Until I started to write this blog entry, I had forgotten how much I loved Bill Fitzhugh’s book, Pest Control. It is, hands down, one of the funniest books I’ve ever read. It also got me a date. See, I bought it, then went into the B&N cafe to start reading it (as was my wont back in the college days) and I started giggling out loud. The laughter caught the attention of a fellow bookworm, who struck up a conversation and asked me out.
That dating relationship lasted somewhat longer than the “romance” that blossomed in my psychologist’s office around the same time, but was no less strange. Oh, the stories I have to tell, People. The stories I have to tell.
Anyway, Bill Fitzhugh. Hilarious. Look him up. Organ Grinders is another great work of his.
I remembered Fitzhugh because I had forgotten a large part of an interview I read that involved him. I’m getting there. Stay with me. I can’t remember if it was Fitzhugh being interviewed, or someone else being interviewed who mentioned him, but the long and short of it was that one author had worked his arse off trying to get published and there had been some hijinks about renting an ice cream cone costume to try to get his manuscript into the hands of an agent/publisher/something, and one author just sent in a manuscript and was published and famous the next day. It was an anecdote about how fickle the publishing industry is–any industry that relies on public consumption, really.
Is it who you know? Or how good you are at what you do? Or just happening to be where lightning strikes? Or what? JK Rowling and EL James are both names you’d recognize, but took very different pathways to their success. And seriously? How depressing must that be for some writers? I mean, Rowling is a demi-god, who should stand in the Pantheon with Lewis and Tolkien (sacrilege? I think not.) You can be okay with never achieving her level of success because–look at her body of work! James is… a very different story. Although, it makes you feel better about your chances at being struck by lightning, it might make you feel a lot worse about rejection notices.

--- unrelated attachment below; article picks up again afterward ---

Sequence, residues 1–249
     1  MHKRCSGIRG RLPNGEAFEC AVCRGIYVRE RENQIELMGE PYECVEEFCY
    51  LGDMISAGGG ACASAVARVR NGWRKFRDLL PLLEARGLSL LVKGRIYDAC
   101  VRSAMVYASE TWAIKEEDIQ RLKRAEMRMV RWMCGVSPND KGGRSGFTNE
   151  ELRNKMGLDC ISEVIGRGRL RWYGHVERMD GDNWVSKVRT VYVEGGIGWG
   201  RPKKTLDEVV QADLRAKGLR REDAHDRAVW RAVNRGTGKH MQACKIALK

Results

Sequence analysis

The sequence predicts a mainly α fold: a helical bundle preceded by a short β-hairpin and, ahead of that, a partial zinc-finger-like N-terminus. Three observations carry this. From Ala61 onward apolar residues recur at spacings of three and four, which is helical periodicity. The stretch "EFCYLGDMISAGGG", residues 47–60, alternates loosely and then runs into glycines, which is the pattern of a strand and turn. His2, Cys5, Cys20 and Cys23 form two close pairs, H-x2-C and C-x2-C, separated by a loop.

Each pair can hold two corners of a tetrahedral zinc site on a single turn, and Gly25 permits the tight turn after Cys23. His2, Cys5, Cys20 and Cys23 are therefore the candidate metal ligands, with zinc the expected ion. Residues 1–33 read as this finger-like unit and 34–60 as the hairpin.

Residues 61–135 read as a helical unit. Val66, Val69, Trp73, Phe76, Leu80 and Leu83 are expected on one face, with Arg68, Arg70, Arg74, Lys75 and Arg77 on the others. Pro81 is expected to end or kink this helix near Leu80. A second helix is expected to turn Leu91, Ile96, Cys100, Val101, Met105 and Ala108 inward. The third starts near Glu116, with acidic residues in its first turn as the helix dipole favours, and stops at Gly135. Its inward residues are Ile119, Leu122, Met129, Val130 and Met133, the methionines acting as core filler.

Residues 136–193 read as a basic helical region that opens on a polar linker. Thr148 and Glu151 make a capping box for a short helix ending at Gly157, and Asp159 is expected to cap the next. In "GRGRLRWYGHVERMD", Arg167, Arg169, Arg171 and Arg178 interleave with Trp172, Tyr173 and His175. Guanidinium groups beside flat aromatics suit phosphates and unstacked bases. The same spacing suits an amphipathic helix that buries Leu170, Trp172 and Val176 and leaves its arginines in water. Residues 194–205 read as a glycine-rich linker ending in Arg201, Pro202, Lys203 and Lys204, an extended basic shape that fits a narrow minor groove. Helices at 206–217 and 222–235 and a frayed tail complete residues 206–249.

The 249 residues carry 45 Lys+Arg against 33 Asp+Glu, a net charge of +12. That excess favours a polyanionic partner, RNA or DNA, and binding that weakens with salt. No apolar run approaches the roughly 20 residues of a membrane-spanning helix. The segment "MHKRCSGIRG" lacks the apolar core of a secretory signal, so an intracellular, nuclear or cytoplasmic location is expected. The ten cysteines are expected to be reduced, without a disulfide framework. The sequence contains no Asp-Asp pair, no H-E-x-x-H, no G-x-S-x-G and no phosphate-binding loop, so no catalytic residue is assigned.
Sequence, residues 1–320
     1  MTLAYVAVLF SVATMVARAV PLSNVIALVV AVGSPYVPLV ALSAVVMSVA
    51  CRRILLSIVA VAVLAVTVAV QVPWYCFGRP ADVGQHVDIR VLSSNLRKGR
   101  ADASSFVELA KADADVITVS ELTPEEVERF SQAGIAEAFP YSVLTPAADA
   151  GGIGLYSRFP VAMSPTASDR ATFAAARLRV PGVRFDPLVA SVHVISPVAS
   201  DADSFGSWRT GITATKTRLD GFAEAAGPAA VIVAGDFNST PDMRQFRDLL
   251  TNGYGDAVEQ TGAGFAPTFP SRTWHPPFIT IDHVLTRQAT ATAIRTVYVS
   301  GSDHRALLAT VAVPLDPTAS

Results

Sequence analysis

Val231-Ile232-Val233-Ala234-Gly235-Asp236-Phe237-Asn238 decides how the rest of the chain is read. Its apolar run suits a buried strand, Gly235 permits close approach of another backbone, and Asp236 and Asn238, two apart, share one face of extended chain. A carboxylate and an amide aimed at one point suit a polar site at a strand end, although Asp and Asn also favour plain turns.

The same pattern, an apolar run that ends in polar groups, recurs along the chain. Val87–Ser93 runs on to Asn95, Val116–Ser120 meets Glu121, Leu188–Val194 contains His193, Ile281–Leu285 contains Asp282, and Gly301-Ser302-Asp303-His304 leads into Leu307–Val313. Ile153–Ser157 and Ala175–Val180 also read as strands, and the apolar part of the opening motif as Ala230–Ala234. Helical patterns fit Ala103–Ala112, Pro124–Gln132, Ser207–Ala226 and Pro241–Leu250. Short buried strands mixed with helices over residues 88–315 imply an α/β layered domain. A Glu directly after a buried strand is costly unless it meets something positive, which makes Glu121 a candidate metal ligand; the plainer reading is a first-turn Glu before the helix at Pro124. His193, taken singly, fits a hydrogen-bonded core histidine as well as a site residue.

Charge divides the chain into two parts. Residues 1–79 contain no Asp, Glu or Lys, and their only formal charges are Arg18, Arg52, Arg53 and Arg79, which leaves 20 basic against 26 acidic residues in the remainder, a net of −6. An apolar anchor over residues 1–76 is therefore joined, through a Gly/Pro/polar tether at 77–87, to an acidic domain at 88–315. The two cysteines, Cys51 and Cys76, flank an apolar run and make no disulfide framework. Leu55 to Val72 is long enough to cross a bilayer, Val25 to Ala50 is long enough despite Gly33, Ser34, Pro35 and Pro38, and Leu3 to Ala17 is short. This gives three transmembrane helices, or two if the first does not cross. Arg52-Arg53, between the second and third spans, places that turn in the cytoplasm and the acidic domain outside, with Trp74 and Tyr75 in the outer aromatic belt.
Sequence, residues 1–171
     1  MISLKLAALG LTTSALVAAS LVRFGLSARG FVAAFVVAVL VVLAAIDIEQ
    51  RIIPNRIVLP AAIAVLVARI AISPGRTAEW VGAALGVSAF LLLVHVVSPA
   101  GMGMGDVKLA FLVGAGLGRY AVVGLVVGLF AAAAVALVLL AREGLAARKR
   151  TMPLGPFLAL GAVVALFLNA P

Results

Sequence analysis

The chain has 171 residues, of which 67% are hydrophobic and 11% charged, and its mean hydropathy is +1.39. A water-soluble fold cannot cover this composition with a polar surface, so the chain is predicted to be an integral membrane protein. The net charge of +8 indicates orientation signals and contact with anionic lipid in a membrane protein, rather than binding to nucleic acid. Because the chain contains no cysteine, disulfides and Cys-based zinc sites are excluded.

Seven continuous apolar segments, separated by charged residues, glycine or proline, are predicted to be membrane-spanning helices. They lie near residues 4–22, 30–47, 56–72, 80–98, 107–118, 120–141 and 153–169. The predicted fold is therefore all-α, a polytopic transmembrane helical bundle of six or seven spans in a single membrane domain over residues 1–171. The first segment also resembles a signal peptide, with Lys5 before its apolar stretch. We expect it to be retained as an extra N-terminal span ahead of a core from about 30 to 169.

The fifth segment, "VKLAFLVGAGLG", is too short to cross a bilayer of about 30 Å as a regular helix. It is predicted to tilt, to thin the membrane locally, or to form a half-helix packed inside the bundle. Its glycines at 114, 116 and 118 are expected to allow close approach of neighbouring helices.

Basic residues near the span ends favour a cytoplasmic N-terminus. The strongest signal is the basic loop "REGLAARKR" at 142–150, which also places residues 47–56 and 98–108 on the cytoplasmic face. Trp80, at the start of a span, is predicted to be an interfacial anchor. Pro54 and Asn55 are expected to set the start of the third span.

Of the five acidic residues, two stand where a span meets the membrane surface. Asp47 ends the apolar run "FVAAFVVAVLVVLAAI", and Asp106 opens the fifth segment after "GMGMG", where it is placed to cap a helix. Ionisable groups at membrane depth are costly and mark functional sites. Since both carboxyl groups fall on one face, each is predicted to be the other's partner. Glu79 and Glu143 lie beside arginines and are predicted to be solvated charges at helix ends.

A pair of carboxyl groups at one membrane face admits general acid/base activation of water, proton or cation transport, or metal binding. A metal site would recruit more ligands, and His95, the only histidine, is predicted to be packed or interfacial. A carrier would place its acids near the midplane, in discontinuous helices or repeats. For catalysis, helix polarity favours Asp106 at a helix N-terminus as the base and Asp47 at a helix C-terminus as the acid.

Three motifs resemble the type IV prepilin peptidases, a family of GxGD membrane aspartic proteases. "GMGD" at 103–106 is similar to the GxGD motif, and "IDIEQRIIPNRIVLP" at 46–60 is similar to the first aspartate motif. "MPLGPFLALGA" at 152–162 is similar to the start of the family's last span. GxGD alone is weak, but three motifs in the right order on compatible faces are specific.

Everyone goes about it differently. There isn’t any set way. The only things that are certain are that you must have the mental energy to finish a manuscript, the willingness to put it out there for criticism, the ability to accept rejection, a thick enough skin to live around the people who hate it, and the optimism, self-confidence and mental energy to do it all over again until lightning strikes. Lather, rinse, repeat.
It’s funny how many of my friends are writers. I didn’t go looking for writer friends. We all just sort of ended up in the same places (LiveJournal, TTP, Facebook–places where you can write) excited about the same things. We work together, most of us, to help each other along.
And that’s good, because while I am totally into the idea of wearing an ice cream cone costume, I am exhausted by the idea of printing out so many pages of work and hulking them around everywhere.